Walk through any Mexican market, or for that fact, many street markets in the USA, and colorful artesian goods that hail from remote parts of Mexico can generally be found. Typically, embroidered textiles find their way into bags, shirts, skirts, shawls, wraps and even carpets and felt toys.
Street markets have the reputation of fostering a bargaining mentality. One for ten dollars? Then 5 should cost $12 – this sort of nonsense price comparison for bulk buying.
We are all guilty of it. “How much do you think we can get this for?” Of course, the vendors know this and raise their prices accordingly. It all becomes a big game.
What typically gets overlooked in this bargaining frenzy is the quality of the work and the comparative quality of the lives of the workers.
Yes, they are mass-produced items but they are still made by hand – mass producing products involving small stitching does not mean it happens quickly. Some woman or child sat for hours to create this new treasure.
The more elaborate and fine pieces can take weeks – even months – to complete.
The areas where the majority of textiles are made are generally the poorest in Mexico. Illiteracy and poverty are rife and good jobs are hard to come by. So the people make ends meet by harking back to centuries of traditional stitches, patterns, weaves and dyeing processes.
Small villages – miles from large cities – have their own unique colour and pattern formations – each village known for a specific style or trademark.
From one generation to the next, these skills have been passed down, generally from mother to daughter. Groups of women and children can be found sitting in harmony together under the shade of a tree or in the village square beneath the shade of an overhanging roof.
Days are spent on bended knee often with a hip loom attached with strings to their waists and hips. Soft chatter, usually in a native dialogue, takes place whilst kids run barefoot with livestock. This scene sounds as if it is out of another century – maybe a nostalgic film from the revolutionary days – but, in reality, it unfolds every day, 6-7 days a week, and all-year-round in rural Mexico.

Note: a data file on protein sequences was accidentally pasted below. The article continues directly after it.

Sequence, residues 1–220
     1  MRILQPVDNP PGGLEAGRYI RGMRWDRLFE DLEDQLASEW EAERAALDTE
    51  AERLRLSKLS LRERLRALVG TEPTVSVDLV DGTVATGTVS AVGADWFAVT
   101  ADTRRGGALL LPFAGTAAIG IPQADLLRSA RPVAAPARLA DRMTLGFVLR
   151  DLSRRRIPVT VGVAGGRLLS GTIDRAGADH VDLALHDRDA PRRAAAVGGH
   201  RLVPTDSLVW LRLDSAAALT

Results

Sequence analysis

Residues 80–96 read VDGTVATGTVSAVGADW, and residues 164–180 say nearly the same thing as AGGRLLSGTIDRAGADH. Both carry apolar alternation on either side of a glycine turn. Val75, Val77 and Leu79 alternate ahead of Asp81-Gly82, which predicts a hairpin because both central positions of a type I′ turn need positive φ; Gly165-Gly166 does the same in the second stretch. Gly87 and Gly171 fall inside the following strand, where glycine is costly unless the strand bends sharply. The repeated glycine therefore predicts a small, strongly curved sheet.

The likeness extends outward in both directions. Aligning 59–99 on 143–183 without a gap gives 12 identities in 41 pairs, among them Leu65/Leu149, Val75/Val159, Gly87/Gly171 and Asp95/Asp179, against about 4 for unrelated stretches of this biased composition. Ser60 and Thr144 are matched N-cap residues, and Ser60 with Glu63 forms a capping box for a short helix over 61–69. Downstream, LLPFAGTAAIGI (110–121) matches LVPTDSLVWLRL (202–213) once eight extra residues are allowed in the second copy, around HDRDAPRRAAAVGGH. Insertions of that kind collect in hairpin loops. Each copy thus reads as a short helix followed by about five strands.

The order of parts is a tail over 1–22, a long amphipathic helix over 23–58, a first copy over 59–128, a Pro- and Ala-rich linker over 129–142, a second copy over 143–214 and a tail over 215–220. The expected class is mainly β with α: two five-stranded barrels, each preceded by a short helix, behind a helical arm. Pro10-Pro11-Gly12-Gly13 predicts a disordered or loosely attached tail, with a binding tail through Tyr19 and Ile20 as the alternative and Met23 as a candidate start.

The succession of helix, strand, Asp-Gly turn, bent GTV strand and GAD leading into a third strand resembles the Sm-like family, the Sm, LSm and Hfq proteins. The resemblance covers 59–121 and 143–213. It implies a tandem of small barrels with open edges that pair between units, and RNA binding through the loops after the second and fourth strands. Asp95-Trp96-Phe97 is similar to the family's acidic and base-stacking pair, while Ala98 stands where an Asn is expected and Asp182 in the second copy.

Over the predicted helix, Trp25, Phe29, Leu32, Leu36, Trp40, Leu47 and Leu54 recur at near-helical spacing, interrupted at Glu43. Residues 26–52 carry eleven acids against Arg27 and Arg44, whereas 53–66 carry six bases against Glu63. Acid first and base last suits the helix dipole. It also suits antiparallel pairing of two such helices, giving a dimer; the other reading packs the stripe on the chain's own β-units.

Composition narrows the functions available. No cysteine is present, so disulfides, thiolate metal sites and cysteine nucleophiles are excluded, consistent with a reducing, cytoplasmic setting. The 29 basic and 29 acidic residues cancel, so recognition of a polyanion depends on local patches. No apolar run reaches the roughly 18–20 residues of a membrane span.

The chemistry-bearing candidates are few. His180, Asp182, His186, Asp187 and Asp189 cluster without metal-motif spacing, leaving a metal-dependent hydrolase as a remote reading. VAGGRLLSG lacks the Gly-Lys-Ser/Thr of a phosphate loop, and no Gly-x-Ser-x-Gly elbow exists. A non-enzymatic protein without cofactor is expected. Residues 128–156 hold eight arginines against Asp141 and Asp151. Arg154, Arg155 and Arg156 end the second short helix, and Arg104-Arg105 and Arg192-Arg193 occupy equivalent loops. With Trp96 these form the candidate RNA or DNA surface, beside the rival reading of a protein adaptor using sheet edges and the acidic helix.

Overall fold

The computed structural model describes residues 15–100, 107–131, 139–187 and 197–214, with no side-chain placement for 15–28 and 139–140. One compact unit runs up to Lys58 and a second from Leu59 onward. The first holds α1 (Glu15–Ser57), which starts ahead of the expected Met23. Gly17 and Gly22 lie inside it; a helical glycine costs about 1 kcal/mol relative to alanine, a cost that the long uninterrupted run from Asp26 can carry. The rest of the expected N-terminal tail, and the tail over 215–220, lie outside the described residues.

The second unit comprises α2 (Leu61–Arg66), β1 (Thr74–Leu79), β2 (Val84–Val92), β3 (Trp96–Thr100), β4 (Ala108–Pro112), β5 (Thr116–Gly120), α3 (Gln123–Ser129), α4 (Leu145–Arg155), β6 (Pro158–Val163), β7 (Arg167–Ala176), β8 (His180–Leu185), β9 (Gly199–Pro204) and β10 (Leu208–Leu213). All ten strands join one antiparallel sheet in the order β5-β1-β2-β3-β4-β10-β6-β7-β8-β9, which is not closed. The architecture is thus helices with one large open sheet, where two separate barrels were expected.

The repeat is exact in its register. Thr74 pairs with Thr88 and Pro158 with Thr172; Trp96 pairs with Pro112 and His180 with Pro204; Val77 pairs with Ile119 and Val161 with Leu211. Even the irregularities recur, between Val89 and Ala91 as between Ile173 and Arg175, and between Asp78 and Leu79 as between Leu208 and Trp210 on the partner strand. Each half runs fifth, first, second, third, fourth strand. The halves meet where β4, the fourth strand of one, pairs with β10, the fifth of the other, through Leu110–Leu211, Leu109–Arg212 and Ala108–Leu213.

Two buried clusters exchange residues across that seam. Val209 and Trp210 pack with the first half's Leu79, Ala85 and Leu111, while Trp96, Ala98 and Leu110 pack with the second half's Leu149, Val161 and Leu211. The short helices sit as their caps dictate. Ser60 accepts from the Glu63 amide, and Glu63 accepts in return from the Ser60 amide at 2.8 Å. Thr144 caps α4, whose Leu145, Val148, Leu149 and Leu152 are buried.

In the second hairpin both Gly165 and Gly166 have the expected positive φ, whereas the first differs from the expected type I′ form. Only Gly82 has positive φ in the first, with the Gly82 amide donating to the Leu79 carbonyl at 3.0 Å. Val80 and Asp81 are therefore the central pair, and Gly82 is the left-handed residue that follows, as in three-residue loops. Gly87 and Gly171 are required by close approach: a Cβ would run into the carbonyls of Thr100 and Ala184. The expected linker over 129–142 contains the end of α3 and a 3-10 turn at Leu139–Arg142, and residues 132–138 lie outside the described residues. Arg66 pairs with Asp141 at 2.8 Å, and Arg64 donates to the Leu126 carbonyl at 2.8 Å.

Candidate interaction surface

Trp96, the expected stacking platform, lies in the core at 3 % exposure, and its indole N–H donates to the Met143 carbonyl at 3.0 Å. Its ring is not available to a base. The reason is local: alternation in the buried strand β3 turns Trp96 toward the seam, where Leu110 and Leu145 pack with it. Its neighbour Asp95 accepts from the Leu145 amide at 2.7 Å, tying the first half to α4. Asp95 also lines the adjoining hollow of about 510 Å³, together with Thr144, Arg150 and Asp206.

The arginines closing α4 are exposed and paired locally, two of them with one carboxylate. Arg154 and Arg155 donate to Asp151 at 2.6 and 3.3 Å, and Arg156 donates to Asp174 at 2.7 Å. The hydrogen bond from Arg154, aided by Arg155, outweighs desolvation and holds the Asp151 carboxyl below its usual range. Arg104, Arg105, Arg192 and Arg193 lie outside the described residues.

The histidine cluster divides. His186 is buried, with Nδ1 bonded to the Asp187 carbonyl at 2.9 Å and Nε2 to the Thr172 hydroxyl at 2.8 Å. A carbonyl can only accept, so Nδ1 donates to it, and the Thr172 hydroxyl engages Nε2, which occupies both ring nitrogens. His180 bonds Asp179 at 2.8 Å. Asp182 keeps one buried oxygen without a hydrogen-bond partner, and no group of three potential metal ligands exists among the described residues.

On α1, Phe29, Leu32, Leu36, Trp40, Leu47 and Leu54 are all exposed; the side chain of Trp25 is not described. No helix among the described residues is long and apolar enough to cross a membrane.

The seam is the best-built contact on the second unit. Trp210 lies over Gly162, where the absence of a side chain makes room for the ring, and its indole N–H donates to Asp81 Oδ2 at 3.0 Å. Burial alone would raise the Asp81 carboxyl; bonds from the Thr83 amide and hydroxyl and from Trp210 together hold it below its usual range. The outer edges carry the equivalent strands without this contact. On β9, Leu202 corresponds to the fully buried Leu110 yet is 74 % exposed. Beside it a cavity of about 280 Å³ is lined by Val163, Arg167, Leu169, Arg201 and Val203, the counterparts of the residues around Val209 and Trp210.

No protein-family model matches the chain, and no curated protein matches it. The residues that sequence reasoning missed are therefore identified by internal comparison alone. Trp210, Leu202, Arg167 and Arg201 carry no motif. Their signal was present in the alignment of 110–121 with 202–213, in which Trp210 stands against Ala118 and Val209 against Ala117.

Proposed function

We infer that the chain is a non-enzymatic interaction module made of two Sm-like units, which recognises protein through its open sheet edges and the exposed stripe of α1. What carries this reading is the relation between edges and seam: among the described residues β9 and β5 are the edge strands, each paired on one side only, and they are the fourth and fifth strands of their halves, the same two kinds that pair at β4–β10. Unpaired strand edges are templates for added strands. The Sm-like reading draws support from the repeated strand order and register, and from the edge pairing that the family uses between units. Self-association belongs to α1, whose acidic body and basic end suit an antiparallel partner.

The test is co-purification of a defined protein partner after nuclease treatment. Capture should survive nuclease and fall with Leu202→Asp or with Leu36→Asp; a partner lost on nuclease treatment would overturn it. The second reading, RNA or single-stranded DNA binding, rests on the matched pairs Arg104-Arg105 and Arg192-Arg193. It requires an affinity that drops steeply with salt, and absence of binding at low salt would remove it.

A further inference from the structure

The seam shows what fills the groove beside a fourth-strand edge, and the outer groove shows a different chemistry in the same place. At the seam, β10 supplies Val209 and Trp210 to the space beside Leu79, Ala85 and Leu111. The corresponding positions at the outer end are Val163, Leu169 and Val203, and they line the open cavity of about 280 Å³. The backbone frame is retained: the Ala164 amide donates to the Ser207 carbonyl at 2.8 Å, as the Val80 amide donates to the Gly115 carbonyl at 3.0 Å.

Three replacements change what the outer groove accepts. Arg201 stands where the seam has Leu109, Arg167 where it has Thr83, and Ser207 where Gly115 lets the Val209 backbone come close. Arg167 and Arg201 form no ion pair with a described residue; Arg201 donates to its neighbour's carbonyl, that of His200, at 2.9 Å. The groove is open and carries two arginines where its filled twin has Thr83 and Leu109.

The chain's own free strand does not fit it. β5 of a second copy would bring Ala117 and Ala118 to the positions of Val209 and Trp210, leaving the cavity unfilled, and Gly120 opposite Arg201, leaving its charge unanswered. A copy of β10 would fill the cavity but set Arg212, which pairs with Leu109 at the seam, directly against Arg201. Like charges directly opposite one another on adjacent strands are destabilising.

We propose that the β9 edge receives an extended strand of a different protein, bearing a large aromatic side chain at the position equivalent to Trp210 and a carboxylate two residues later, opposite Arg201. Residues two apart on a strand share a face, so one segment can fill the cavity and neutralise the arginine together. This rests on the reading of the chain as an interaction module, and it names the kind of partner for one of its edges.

Creating the perception of the real value of the incredible works produced by these talented ladies is an uphill struggle – especially when so many are starving and prepared to sell for the cost of a loaf of bread.
Some family groups and co-operatives have formed in the last few years with one family member taking charge of getting the goods to market and selling them. They set up a rudimentary business – the more entrepreneurial with bank accounts. Very few with credit card facilities.
The cooperativas invite skilled women with good work ethics and parenting skills to join. The idea is that the organization sells the goods at fixed prices (very little bartering involved here) and distributes the money to the women. They often put into place health and educational programmes where the children and women receive help with the profits. Many of these women, however, are superstitious, under-educated and not always ready to trust an outsider.
Some cooperativas are very well managed and have work contracts signed with chi-chi boutiques and large stores worldwide. One co-operativa in Chiapas has been promoted and works alongside Elle Magazine International.
Fair Trade Event in Punta de Mita
Designer Selene Soucy, the owner of Corazon Sagrado (one of those chi-chi boutiques), has spent the last few years traveling around Mexico and working with the cooperatives to bring a traditional twist to her modern Mexican designs.
Selene has organized an event to take place at her boutique in Punta de Mita this Friday. Claudia Muñoz from Chamuchic and Viernes Tradicional will be presenting a look at Fair Trade and the work that is being done with 3 different communities in Jalisco, Chiapas and Oaxaca.
Please feel free to share the invite with your contacts and social media.
Ave de las Redes #81
Punta de Mita
Tel. 329 291 5245
Cel. 322 292 6696
Hope to see you there!
Lisa Bruno is a long-term Punta Mita resident. She is a frustrated golfer, party princess and proud owner of Tank and Tonica,
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